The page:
• Determine any potential risks such as high humidity, temperature, vibration, pressure, fragile or hazardous materials, and flammable products in the facility with a conveyor manufacturer to identify the countermeasures and workarounds needed.
  • The physical size and shape of the system compared to how much room in the workspace is available should be considered, along with how it will fit alongside existing equipment.

4: Conveyor system design

Owing to their large scales and integration into different factory processes, conveyors systems are often relatively complex in their design and construction . Fortunately, the modular nature of many conveyor components makes even complex and long conveyor systems easily achievable. Manufacturers of such systems like Wrightfield can offer design assistance so that the conveyor suits the workspace.

5: Preventing Product Slip

High friction belting, buckets, cleats etc. are common forms of preventing product slip in circumstances a heavily loaded inclined belt conveyor can slip backward when the drive is off. Backstopping brakes that engage automatically with de-energization of their motors are often used to prevent this. The releasable brake allows the conveyor to reverse for unloading prior to servicing. A certain amount of slippage is desirable in some conveyors, for example those handling glass bottles on packaging lines.

6: Static Electricity In Conveyors

As the conveyor belt is continuously pulled against the end pulleys, conveyor belts are susceptible to static electricity. If electrical / electronic components are being conveyed, static electricity can be hazardous. Anti-static conveyor belt measures such as static control brushes or conductive belts are available to protect products.

7: Conveyor Safety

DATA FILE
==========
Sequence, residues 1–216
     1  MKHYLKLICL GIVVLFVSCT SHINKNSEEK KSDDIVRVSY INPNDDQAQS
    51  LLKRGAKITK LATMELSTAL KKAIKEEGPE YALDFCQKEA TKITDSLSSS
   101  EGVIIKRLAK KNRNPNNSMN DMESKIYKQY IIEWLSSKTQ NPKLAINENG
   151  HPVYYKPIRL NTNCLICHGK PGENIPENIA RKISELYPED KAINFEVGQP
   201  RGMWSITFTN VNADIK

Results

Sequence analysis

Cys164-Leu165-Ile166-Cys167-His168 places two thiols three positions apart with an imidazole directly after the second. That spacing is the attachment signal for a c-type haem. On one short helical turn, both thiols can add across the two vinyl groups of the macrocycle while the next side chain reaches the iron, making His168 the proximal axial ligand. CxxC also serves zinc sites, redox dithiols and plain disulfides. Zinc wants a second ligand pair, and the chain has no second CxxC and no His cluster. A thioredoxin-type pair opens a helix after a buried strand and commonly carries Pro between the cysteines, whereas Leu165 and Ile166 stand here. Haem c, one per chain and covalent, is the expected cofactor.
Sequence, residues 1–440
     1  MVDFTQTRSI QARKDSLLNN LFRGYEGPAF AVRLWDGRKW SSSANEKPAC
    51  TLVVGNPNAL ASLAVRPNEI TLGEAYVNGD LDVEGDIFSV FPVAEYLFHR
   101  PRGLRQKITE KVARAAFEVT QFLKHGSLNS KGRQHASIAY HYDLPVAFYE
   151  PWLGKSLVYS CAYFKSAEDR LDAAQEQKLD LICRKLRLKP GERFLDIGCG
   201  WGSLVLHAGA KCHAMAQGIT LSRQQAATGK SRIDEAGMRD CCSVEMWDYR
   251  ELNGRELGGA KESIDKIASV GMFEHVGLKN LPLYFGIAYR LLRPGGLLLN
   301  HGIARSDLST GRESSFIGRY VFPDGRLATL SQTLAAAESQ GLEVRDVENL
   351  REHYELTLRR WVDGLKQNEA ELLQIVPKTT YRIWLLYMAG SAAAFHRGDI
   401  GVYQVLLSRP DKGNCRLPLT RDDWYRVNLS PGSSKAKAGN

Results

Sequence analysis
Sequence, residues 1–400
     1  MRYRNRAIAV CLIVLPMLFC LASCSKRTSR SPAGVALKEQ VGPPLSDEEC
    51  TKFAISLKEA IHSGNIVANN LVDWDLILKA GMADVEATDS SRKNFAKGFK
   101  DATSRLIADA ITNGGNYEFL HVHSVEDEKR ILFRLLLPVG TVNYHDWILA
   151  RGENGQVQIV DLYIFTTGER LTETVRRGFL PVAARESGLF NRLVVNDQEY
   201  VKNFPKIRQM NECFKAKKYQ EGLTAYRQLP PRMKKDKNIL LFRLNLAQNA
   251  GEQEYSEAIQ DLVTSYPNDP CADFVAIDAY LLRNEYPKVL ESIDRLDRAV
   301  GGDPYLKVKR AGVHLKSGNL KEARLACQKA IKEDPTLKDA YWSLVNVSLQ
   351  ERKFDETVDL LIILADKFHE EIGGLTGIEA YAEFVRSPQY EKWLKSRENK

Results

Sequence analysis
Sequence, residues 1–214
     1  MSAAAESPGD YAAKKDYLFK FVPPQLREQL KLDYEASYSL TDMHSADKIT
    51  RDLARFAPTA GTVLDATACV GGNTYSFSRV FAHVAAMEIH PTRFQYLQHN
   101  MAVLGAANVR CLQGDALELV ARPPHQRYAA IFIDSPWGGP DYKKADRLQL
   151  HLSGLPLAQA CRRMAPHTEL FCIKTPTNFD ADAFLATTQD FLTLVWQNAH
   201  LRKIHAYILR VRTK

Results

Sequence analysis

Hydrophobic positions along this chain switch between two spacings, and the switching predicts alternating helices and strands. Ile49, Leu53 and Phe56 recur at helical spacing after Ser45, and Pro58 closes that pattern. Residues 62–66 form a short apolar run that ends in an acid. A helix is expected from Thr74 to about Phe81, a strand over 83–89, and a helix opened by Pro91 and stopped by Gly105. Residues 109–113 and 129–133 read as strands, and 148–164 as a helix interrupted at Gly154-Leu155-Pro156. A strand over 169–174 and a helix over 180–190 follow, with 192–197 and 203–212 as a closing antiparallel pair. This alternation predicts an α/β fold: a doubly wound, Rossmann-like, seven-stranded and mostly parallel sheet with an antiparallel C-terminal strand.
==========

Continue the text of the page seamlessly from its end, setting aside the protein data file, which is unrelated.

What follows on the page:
Where long conveyor lengths are close to personnel other safety elements must be considered. Options include

  • Pop-out rollers that disengage from their drive belts if a person’s foot or hand slips between rollers.
  • Crossovers can be used to permit people to pass over long sections of belt conveyors.
  • A soft starter or clutch mechanism is fitted to avoid overloading motors when starting fully loaded belts, chains, etc.
  • Using geared motor drives that incorporate internal motors and gear drives within the head rollers eliminates the need for externally mounted motors and power transmission components.

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Important Conveyor Systems Specifications

Load Capacity per Unit Length : this attribute is used in cases where the conveyor will be built to a custom length to permit users to determine loading margins.

Maximum Load Capacity ( also known as flow rate) :  Associated with Load Capacity per Unit Length, this value can be stated for fixed length, purpose-built conveyors.

Conveyor Belt System Speed/Rated Speed:

  • Belt conveyors are typically rated in terms of belt speed in m/min ( ft/min ).
  • Powered roller conveyors describe the linear velocity in similar units to a package, carton, etc. moving over the powered rollers.
  • Rated speed applies to apron / slat conveyors as well.

Throughput: Throughput measures the capacity of conveyors that handle powdered materials and similar bulk products. It is often given as a volume per unit time, for instance, as cubic feet per minute.

Frame configuration refers to the shape of the conveyor frame. Frames can be straight, curved, z-frames, or other shapes.

Drive Location:  On a conveyor system drives can be located in different places.

  • A head or end drive is found on the discharge side of the conveyor and is the most common type.
  • Centre drives are mounted underneath the system and are not always located at the actual centre of the conveyor. They are used primarily for reversing the direction of a conveyor.

Conveyor Systems Types More Information

More information on conveyors and conveyor systems can be found in the following articles

For more information on Stainless Steel Conveyor Systems click here to see other examples of Stainless Steel Pools click here